The rest of my commander set up is with the basic keyboard commander. I use either of my option keys as the modifier key. Option 1 through for activates Automator work flows I have created. option 1 moves focus to the first level of my home folder in the finder, with documents downloads etc. 2 brings me to a google search field where I can instantly perform a google search. three brings me to my applications folder, and 4 brings me to a blank document in the grammrly grammar checking web sight where, I can paste and check any text.
Next I have a few VO keystrokes remapped to keystrokes that make more sense to me. Option c copies last spoken phrase, option w twice opens the window chooser, and option x moves mouse focus to voice over curser.
The rest of my commander set up is for me to be able to use the arrow keys and quick nav as little as possible. As a long time Mac user I have realized that I use the arrow keys too much, and I do not believe it is ideal to constantly shift my hands from a typing position to an arrow navigation position. This might be my own insanity, and I do not expect that the following set up will interest most people.
Option with J, K, L, and I moves me left, down, right and up respectively. If you try this setup you will realize that it feels pretty close to arrow keys and it behaves in a very similar way. This means you can move around without moving far from the home row. Unfortunately the J, K, L, I, set up does not work exactly like arrow keys, so some more modifications are needed for the set up to really work.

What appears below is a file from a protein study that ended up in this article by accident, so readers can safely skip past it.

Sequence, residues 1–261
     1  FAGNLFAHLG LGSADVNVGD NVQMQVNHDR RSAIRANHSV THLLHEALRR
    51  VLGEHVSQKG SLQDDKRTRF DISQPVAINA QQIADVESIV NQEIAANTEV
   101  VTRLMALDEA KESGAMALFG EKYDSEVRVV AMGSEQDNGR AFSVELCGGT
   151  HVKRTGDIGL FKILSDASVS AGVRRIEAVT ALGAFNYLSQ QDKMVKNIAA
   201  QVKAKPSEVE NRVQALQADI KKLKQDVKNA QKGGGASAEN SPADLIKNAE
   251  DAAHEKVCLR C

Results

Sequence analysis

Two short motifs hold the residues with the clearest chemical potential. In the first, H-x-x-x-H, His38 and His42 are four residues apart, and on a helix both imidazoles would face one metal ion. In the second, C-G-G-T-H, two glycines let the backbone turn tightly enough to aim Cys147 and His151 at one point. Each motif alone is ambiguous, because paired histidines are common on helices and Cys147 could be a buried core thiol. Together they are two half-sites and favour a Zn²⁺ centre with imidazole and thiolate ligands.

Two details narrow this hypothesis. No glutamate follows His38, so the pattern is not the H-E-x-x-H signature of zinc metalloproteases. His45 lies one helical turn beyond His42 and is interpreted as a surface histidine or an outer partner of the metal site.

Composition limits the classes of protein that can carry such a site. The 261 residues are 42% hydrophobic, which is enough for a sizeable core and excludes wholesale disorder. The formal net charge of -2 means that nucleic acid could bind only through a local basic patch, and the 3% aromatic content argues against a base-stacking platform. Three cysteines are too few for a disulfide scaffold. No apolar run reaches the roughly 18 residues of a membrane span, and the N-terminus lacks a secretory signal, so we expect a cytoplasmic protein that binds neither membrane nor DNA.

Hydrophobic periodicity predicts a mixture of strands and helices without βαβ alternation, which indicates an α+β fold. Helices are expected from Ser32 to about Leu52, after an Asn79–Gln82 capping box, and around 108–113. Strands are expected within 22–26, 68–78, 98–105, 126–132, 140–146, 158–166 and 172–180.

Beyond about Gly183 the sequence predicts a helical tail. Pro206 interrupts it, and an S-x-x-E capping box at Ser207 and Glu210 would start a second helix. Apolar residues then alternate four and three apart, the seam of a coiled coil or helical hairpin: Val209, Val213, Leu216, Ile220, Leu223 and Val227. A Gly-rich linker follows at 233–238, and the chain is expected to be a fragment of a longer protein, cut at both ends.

Option shift K activates an item, in other words VO space. Option U stops interacting, option o interacts, option shift j moves to the beginning, option shift l moves to end. If your interacting with text option j, k, l, and I will move you through the text. Option n and option coma moves by character. I also have most of the quick nav single keys, like h for heading, b for button, etc, set up, just with the option key, So I never have to turn on quick nav.
As crazy as all of this sounds, it actually works pretty well, with one major exception; this setup does not work great when doing heavy duty text navigation, such as selecting text.
I would love to hear what other people have done with key remapping, short cuts, and the keyboard commander. My set up works for me, but it is still a working progress, and I would love to hear thoughts about how I could improve it. specifically I would love to hear from anyone who knows a way I could make the J, K, L, I keys behave exactly like arrow keys, with modifiers held down. Perhaps, this could be done with another remapping app, but Karabiner elements can not currently make remappings that are modifier dependent.
I know this post has been terribly long and boring, but I hope it has been interesting or helpful to someone.